The Spark

“The emancipation of the working class will only be achieved by the working class itself.” — Karl Marx

Auto Workers Face No-Strike Trap

Aug 1, 2011

The UAW (United Auto Workers) contract with the Detroit 3 automakers expires on September 14. The companies demand that workers continue to sacrifice.

Detroit 3 workers have had no base-pay raises since 2004. Even UAW president Bob King admits that concessions since 2007 have cost workers between $7000 and $30,000 in wages. In fact, it’s more than that. But this gives some idea. Other ongoing sacrifices include briefer breaks, loss of rights on the job, punishing attendance and transfer rules, the vicious “two-tier” wage scale, and the VEBA, which threatens to destroy the promise once made to retirees for medical coverage.

But a Chrysler spokesperson said, regarding raises, “It won’t happen. Not here.” GM’s CEO, Dan Akerman, echoed, “The world ... does not tolerate uncompetitive cost structures.” Evidently his own multi-million-dollar world is exempt from this rule!

And what did the union leaders say, those who are charged with defending the workers’ interests? UAW president Bob King said, “It doesn’t do our members any good if we raise fixed costs.” As if the costs of workers’ groceries and gas never go up!

In fact, there is so little difference between the official statements of the union and the companies, that the message to the workforce is crystal clear: “Too bad for you, this time.”

If they are so arrogant to dismiss workers’ needs so casually, it’s because of the no-strike arbitration clause. This trap was forced on GM and Chrysler workers by the government in 2009 with the support of UAW officials.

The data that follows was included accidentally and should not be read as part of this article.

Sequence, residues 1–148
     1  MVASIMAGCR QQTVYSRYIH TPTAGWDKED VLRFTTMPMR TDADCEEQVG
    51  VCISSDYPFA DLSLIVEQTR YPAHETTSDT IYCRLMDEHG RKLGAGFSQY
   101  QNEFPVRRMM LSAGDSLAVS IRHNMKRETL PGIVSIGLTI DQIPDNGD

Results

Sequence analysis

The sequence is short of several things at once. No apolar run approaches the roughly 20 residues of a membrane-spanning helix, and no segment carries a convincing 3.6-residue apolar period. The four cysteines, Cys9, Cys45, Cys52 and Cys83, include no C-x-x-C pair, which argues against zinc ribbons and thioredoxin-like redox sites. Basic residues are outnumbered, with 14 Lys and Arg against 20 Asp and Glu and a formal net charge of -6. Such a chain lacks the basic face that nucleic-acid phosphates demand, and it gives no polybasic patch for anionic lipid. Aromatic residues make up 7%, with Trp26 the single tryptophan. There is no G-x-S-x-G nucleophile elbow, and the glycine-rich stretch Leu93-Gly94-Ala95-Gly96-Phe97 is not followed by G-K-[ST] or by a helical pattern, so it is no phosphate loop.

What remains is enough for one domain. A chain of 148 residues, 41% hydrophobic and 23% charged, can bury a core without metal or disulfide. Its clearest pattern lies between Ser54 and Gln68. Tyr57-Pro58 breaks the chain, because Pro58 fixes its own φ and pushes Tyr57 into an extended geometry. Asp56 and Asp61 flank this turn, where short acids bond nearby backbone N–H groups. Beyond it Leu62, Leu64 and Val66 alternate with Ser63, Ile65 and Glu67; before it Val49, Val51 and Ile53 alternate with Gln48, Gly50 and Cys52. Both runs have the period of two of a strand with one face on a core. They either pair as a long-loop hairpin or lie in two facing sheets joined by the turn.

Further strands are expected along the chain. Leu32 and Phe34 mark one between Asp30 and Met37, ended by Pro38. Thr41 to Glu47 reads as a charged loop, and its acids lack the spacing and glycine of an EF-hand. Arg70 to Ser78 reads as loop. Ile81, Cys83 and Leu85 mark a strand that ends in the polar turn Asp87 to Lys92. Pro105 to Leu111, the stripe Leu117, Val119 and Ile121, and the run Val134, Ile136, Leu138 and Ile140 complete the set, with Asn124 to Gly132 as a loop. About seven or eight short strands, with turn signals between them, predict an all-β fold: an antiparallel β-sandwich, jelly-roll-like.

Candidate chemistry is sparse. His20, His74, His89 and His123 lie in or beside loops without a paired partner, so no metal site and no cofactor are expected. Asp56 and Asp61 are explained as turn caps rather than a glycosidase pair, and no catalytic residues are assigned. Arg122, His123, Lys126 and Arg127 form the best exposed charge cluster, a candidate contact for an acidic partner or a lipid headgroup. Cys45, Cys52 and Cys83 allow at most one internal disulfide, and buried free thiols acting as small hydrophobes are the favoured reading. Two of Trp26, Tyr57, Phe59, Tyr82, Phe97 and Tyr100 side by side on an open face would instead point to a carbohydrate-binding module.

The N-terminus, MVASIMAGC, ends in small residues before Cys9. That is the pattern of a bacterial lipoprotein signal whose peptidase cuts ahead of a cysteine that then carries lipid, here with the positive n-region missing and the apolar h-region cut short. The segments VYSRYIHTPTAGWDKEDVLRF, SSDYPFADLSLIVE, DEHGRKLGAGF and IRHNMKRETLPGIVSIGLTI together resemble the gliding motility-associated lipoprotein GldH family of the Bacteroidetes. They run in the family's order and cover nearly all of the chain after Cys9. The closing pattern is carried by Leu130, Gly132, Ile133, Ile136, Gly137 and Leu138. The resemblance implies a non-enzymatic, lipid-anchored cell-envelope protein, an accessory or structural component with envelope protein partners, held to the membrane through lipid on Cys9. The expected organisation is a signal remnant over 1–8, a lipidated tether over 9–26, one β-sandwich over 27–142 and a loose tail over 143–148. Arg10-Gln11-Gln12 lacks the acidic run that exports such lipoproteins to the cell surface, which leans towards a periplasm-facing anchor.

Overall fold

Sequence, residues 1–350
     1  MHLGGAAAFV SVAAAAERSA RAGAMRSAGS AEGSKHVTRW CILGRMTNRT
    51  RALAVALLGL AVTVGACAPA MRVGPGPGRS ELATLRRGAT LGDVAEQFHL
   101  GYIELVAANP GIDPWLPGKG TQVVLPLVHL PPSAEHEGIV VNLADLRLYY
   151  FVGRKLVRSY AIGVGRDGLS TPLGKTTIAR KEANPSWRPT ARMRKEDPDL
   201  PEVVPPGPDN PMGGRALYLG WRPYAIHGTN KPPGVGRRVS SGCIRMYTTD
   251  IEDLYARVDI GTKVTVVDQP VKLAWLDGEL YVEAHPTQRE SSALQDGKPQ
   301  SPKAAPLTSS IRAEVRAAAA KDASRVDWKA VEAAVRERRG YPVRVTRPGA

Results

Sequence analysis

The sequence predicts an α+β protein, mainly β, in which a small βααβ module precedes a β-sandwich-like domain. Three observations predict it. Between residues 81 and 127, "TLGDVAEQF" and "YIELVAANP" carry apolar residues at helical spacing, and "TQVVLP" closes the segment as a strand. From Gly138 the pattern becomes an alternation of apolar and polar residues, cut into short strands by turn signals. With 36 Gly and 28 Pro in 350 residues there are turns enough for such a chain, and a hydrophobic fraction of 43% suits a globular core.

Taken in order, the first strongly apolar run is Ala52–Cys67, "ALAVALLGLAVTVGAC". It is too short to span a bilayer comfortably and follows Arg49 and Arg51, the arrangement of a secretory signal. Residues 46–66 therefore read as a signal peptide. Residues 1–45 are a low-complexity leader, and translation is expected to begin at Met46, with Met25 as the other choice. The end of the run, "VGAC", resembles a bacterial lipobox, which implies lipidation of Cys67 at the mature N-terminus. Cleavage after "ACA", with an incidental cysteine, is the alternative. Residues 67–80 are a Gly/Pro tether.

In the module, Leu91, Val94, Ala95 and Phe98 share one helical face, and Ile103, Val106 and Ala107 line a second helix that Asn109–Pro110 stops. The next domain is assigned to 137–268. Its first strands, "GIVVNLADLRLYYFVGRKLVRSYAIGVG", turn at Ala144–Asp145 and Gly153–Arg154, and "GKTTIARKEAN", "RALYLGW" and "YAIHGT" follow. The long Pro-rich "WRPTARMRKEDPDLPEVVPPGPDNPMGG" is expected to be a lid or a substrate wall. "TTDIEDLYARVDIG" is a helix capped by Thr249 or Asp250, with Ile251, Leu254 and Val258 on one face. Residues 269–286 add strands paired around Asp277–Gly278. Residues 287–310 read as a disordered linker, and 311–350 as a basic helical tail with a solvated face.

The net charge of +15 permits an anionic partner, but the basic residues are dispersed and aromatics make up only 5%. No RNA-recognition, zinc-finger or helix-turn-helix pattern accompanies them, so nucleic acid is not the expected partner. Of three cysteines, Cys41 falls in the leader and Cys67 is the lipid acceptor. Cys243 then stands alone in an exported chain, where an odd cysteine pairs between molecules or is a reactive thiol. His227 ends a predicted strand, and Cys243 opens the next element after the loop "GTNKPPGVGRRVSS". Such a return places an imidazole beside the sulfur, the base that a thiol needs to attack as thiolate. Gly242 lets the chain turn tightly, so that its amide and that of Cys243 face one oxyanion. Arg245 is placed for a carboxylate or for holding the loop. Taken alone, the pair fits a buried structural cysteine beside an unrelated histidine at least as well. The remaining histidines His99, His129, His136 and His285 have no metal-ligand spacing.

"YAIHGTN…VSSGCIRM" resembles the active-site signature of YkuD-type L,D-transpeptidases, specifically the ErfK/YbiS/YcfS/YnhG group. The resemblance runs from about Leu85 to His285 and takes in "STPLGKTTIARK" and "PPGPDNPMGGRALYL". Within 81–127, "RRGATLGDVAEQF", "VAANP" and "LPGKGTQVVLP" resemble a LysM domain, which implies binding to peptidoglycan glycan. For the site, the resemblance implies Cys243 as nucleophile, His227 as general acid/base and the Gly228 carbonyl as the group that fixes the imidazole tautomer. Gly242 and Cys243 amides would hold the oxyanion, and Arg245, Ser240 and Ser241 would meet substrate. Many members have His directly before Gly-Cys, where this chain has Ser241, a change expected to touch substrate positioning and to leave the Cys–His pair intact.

Under the no-strike rule, if GM or Fiat don’t get everything they want, they will say, no, we’ll take it to arbitration. They know that the arbitrators are not workers, but lawyers and professionals bound by rules that tip far toward corporate interests.

The UAW top leadership, for its part, can and will tell workers to vote yes on whatever wretched contract comes out – “or else it will go to arbitration and that will be even worse.” After pulling this trickery at GM and Chrysler, the UAW will try to convince Ford workers, “We have to follow the pattern,” even though Ford workers are not under the arbitration clause and do retain the right to strike.

Arbitration/no strike was designed to make workers feel powerless.

But the workforce is not powerless and the higher-ups know it. Why did GM give workers a $4000 bonus in March? Why did Ford give $5000? And why did Chrysler give a $750 bonus – even though such bonuses went above and beyond the contracts? Because managers wanted to calm workers down, before corporate profits and the executive salaries and bonuses were announced. They were trying to buy their way out of trouble.

In fact, the arbitration/no strike clause is only a piece of paper. It has power only if the workers accept it. The workers – with their collective, coordinated power over production – can tear it up.